“I put up more Christmas lights this year than last year and I've noticed that many of my neighbours have done the same! It makes me smile every time I drive into my neighbourhood and see our trees, front porches and windows filled with twinkling lights and advent stars.” – Emilie Blum, from the USA, living in Karlstad

“I try to keep myself warm all of the time. I keep brightening up my room with candles and electrical bulbs.” – Dyna, from Cambodia, living in Lund

Keep busy

Many of our readers said they turned to hobbies or little luxuries to fill the long evenings, including ceramics or photography courses online, indoor exercise visitors, cooking, planning their next trip for when travel is possible safely, crafts, reading, writing, gaming, and virtual activities with friends overseas.

Photo: Jonas Ekströmer/TT

Move your body

Maybe this is a good time to dust off that treadmill you have in the basement? Or try out online yoga and meditation sessions free of cost?

Readers suggested:

“Walks or gardening during weekday daytime, at least twice a day, even if for just 5-10 minutes. Weekend walks in the forest.” – Lejla Somun Krupalija, from Bosnia-Herzegovina, living in Stockholm

“Gym first thing in the morning to wake up fully, then a lunchtime walk to catch the daylight.” – Mike, from the USA, living in Stockholm

“Making sure to go outside at least once a day for a walk. This is really good to help you feel you have achieved something and the fresh air is energising.” –Rachel Stewart, from the UK, living in Stockholm

“It's a first for me, but because I don't go to the gym anymore, I tried a sports app. I have never been especially fit or a big sports fan, just trying to move a bit, as I spend my day sitting in front of a computer. It's only about 30 minutes per day, but I feel really more energised than last year! And I also try to keep going outside every sunny day, to enjoy the little light we have here in the North!” – Jade Bruxaux, from France, living in Umeå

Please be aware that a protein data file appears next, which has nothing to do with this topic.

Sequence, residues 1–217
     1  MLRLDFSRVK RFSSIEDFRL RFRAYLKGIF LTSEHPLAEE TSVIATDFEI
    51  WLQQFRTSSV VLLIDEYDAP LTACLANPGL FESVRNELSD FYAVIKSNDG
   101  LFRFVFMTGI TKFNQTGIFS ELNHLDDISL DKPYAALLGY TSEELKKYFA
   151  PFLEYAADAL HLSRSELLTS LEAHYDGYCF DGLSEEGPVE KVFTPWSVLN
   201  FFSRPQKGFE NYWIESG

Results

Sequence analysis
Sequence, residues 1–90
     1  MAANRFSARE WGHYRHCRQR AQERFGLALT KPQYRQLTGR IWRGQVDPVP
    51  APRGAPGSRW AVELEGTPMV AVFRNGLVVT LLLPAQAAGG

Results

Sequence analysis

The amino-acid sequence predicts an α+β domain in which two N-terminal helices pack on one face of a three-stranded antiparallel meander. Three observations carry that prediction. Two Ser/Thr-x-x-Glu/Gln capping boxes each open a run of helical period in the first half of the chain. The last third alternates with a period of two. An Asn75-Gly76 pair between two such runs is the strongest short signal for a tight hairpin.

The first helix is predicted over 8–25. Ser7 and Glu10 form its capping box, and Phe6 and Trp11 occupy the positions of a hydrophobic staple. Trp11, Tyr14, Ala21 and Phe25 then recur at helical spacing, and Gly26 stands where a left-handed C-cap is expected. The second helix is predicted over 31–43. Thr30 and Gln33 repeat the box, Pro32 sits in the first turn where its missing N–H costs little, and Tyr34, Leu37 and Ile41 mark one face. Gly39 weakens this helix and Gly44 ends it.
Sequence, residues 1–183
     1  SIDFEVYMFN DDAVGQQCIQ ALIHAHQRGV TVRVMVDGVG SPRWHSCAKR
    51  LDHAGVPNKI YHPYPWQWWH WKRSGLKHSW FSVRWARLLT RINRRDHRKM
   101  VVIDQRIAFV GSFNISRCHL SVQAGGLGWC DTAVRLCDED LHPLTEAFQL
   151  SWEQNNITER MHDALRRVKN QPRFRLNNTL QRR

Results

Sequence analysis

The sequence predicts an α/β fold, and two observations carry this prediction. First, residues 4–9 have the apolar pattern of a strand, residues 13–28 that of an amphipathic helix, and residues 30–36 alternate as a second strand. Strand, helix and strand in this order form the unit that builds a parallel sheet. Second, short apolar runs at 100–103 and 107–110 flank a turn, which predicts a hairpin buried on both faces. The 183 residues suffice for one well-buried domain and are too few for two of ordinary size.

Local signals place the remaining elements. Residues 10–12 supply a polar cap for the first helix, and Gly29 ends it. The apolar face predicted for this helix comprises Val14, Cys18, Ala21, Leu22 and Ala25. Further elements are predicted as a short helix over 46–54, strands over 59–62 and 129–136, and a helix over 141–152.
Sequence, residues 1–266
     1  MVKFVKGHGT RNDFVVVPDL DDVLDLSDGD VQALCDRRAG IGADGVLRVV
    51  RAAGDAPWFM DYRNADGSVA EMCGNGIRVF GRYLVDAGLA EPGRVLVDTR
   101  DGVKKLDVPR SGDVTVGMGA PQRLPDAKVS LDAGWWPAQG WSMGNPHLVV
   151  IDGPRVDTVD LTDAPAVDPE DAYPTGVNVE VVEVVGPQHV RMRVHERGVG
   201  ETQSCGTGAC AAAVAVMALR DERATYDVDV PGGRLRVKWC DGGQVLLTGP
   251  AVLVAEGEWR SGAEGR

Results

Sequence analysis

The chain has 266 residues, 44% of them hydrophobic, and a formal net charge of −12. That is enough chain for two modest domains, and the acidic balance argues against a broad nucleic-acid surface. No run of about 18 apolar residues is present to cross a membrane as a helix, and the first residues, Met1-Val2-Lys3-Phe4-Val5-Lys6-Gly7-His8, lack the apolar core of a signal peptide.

File photo: Sören Andersson/TT

Finding ways to adapt

“Listening to music and listen to positive motivation videos, attitude of gratitude.” – Shwetha, from India, living in Gothenburg

“Try to stay positive and just enjoy the little things, winter is a great time to appreciate what you take for granted on a daily basis.” – Linus Schenell, Swedish, living in Stockholm

“This is the time when I usually go back home to India. To add to that, we don't really celebrate Christmas. But this year, I am embracing the situation and doing everything I can to feel the spirit, stay busy and beat the blues. I've started to decorate at home, put up lights, made glögg and even hung a mistletoe (which my partner is not really amused with!)” – Parul Ghosh, from India, living in Helsingborg

“Vitamin D tablets every morning; contact with friends and family by phone, Skype, Zoom, e-mail etc; reading; cooking; eating,” – John Nixon, British-Swedish, living in Gothenburg

“Walking to the beach to watch the sunrise and then again to see the sunset is my way of dealing with darkness. Along the Baltic shore, the sun rises and stays just above the horizon during the daylight hours. It moves from east to west horizontally as the daylight hours progress then dips back into the sea. Each day, even if it's cloudy, you can usually see the sun below the cloud layer. There are only a few visitors at the beach, so I'm isolated. It keeps me in good spirits. I follow the routine with some regularity. It brings me closer to nature and reminds me of all those folks in mainland Europe, just south of me who are undergoing difficulties this year.” – William Seitz, from the USA, living in Hanö Bay